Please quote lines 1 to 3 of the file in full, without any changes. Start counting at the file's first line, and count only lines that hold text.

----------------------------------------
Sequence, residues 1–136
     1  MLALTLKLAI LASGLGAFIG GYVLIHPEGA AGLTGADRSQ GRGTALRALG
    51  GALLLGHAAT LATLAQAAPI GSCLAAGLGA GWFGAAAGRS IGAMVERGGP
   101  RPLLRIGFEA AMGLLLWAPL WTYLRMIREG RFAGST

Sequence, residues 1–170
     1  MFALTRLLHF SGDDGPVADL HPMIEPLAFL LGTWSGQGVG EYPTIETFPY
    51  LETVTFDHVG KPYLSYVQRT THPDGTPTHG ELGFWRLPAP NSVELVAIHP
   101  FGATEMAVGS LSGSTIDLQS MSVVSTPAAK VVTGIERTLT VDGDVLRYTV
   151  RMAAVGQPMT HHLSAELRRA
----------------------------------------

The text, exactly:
Sequence, residues 1–136
     1  MLALTLKLAI LASGLGAFIG GYVLIHPEGA AGLTGADRSQ GRGTALRALG
    51  GALLLGHAAT LATLAQAAPI GSCLAAGLGA GWFGAAAGRS IGAMVERGGP